It’s a jungle out there: The precarious labor of Monk

MacGyver isn’t the only questionable show The Girlfriend and I watch — we’re also getting close to the end of Monk, a Sherlock Holmes variant starring Tony Shalhoub as a detective with OCD. Those who aren’t familiar with the premise can read the exhaustive Wikipedia page, but in this post, I’d just like to highlight a few salient features.

The more we watch, the more bizarre the show becomes. The writers can’t seem to settle on a tone. The overall premise seems grimly humorous, but it can veer from childish antics to the most morbid sentimentality (particularly relating to Monk’s dead wife, Trudy), often within the same episode. Objectively, Monk is a miserable character, borderline mentally ill, tortured by the loss of his wife (to a car bomb that he long believed was meant for him), with no friends and no ability to live a normal life. He is surrounded by death — even when he goes on vacation, a murder inevitably occurs. Yet his foibles — he removes two eggs from his egg carton to make it an even ten! he will only drink one particular brand of bottled water! he has a list of dozens of phobias ranked by the intensity of his fear! — are the main source of comic relief.

One thing I enjoy about the show is that it is rigorously formulaic, to the point where even the characters recognize it. For instance, Monk always prefaces the solution to the case with “here’s what happened,” though at times other characters will deliver this key line (including, in one uncanny instance, a character played by Snoop Dogg, who creates a rap based on the formula). Every detail presented in the show contributes in some way to the solution of the case — in a kind of hyperbolization of the Larry David method of TV screenwriting, anything that becomes a point of focus for any length of time is wrapped up into a neat little bow by the end. (Once we noticed this, it really opened up our possibilities for feeling smart by guessing the solution.)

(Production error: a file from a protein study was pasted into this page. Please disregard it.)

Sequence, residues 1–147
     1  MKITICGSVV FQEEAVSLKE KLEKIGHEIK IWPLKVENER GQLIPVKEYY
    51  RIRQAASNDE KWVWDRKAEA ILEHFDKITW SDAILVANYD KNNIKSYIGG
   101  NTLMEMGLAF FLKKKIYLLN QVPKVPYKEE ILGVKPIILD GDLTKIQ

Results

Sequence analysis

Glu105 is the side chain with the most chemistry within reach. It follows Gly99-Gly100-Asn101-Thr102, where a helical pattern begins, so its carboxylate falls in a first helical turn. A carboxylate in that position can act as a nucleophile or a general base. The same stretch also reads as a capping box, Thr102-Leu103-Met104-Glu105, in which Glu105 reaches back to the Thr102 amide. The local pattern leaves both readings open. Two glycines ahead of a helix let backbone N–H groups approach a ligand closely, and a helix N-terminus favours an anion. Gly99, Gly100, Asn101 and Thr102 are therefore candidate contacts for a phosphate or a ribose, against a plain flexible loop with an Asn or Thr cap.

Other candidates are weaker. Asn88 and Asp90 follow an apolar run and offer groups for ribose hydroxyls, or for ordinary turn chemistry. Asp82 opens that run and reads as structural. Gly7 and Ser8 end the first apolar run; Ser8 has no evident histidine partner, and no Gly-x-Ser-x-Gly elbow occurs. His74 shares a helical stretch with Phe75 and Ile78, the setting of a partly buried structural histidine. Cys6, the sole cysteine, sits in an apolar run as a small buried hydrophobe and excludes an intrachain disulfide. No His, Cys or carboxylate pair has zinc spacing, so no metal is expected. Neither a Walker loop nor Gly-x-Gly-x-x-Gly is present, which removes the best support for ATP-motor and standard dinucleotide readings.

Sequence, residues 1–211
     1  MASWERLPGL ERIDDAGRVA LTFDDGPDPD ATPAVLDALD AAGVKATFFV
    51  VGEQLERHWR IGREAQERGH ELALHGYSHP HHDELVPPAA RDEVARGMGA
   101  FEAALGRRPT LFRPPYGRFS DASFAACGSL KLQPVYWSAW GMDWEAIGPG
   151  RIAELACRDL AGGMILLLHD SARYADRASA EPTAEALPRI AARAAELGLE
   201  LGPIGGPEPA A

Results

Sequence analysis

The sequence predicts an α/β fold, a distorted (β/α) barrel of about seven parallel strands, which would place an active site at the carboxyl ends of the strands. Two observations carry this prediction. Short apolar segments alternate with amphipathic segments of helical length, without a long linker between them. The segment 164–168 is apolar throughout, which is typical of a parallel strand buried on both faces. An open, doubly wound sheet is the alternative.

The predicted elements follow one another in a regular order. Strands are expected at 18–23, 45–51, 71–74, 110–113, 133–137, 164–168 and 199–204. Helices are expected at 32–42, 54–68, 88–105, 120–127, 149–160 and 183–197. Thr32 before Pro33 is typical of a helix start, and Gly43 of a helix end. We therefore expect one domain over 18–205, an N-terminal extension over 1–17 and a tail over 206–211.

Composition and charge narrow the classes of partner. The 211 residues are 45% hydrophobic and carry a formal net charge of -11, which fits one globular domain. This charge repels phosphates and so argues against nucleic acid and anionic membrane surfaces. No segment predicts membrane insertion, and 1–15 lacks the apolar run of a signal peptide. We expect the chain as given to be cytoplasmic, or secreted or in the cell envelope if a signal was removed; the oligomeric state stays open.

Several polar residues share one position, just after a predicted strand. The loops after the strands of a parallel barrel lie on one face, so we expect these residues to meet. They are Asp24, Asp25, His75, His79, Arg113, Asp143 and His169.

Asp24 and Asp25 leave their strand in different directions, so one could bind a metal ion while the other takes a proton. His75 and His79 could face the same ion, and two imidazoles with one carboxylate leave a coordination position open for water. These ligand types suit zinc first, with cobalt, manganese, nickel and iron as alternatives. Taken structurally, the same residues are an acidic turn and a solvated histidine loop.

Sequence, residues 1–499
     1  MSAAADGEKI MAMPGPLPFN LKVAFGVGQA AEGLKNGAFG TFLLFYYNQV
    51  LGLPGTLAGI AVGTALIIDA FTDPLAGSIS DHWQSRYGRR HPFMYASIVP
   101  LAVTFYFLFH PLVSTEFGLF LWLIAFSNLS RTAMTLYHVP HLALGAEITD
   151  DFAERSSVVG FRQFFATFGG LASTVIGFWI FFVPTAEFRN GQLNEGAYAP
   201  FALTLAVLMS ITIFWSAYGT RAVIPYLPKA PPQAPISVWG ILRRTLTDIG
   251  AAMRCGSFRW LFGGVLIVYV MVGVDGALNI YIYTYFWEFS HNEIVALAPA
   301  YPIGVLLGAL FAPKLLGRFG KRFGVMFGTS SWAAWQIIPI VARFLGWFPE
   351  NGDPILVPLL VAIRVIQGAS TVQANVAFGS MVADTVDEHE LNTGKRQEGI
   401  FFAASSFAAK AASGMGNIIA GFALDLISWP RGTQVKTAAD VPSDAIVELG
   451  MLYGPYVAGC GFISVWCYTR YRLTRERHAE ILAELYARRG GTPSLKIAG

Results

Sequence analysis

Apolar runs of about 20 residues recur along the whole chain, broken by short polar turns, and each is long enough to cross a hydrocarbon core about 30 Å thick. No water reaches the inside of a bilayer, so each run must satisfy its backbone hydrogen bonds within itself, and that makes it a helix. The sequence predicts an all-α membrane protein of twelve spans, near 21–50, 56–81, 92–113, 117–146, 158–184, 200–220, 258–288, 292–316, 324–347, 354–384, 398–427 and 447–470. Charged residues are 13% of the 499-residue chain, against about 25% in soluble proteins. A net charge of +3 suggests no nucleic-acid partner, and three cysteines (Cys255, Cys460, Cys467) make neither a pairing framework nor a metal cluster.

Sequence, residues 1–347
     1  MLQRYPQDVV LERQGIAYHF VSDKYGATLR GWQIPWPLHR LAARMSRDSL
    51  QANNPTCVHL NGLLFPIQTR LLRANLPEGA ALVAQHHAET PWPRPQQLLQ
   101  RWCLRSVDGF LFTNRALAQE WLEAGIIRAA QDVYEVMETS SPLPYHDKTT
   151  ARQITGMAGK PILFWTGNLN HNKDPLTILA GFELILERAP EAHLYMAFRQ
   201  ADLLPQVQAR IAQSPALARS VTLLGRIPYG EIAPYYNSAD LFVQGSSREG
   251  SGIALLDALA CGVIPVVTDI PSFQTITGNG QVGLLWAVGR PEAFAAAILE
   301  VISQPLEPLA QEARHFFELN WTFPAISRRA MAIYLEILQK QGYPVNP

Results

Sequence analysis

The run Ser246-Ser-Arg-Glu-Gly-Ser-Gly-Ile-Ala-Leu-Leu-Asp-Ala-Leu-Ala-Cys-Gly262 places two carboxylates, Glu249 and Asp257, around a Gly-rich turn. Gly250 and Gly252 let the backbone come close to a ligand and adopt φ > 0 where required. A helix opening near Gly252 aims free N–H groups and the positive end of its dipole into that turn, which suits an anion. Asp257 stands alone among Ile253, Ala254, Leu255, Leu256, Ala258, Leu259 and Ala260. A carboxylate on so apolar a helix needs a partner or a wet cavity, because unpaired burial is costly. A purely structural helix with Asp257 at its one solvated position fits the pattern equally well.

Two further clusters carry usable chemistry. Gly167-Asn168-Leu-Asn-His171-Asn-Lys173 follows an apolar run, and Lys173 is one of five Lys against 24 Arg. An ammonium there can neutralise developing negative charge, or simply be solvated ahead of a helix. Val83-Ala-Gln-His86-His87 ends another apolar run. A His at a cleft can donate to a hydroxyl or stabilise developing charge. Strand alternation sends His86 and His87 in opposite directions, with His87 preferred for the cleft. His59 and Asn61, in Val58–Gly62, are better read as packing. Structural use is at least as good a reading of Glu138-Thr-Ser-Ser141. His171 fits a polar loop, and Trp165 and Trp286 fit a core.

Appropriately, though, the devil is in the details. For instance, Monk is obsessed with the death of his wife, but one of the recurring tropes of the show is that a husband needs no more motive to kill his wife than the sheer fact that she’s his wife. The murdered wife is, as Anna Kornbluh pointed out to me, the most frequent formula in the show, and though there are cases when the husband is after an inheritance or is having an affair, in the vast majority of cases no motivation is given other than the marriage itself — and no character ever questions this.

In the proud tradition of detective stories, Monk is not actually a police officer, but a private contractor — yet in a strange twist, he used to be on the force but was discharged following his mental breakdown in the wake of his wife’s death. In the early seasons, he’s continually seeking to be reinstated, but that fades away after a while (perhaps because it became clear to the writer that there was no convincing reason for his request to be denied). And while he sometimes takes on private cases, he almost never follows the familiar pattern of competing with the police to solve a case — instead, he is hired by the police as a “consultant” for essentially every murder case. Monk is quite literally a privatized police detective, then. Interestingly, his precarious employment occasionally becomes a plot point, though it mostly serves as a metaphor for getting the series renewed (as when the department guarantees him two years with thirteen murders each).

Then there is the matter of Monk’s assistants, both of whom are single mothers who are absolutely devoted to him. In the first two seasons, his assistant is Sharona, who was for some reason a “Jersey” type of character with a thick accent and flamboyant dress — after a contract dispute with the actress, she was abruptly replaced by Natalie, a much less forceful character whose sole consistent personality trait is her loyalty to Monk. Monk pays them poorly, nickel-and-dimes them at every opportunity (like not paying for the wipes they must constantly have on-hand), shows no respect for any personal boundaries, etc., etc. Each assistant threatens to “go on strike” at least once, but this is always played up for comic effect (i.e., they still follow him around everywhere, but make him get his own wipes).